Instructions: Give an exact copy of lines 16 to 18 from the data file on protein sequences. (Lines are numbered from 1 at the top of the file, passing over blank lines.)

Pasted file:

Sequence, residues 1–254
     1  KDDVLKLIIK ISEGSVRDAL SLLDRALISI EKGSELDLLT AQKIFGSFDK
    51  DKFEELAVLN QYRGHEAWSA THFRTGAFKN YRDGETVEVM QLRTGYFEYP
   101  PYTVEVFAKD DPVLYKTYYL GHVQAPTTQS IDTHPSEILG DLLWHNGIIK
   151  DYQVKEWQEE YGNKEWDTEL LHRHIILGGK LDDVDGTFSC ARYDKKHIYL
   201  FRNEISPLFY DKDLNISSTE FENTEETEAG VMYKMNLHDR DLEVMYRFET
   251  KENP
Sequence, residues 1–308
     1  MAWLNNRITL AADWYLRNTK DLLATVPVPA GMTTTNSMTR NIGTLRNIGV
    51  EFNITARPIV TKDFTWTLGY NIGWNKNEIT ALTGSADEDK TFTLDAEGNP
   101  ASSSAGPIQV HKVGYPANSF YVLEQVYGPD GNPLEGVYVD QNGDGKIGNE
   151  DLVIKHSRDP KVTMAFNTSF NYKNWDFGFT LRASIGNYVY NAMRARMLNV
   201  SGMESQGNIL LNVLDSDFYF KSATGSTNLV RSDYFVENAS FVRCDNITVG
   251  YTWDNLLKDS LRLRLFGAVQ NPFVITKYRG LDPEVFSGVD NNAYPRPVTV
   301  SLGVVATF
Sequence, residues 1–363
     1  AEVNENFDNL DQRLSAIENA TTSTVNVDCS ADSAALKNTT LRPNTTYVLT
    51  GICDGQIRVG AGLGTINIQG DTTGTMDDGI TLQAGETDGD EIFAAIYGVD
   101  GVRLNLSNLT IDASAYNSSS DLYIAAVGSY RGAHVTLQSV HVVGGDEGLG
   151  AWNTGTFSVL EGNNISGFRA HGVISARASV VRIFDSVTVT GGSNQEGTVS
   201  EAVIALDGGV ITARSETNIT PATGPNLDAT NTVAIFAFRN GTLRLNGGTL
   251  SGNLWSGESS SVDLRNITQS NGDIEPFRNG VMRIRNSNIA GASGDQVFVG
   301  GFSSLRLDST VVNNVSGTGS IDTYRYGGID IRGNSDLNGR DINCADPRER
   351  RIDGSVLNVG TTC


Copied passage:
Sequence, residues 1–363
     1  AEVNENFDNL DQRLSAIENA TTSTVNVDCS ADSAALKNTT LRPNTTYVLT
    51  GICDGQIRVG AGLGTINIQG DTTGTMDDGI TLQAGETDGD EIFAAIYGVD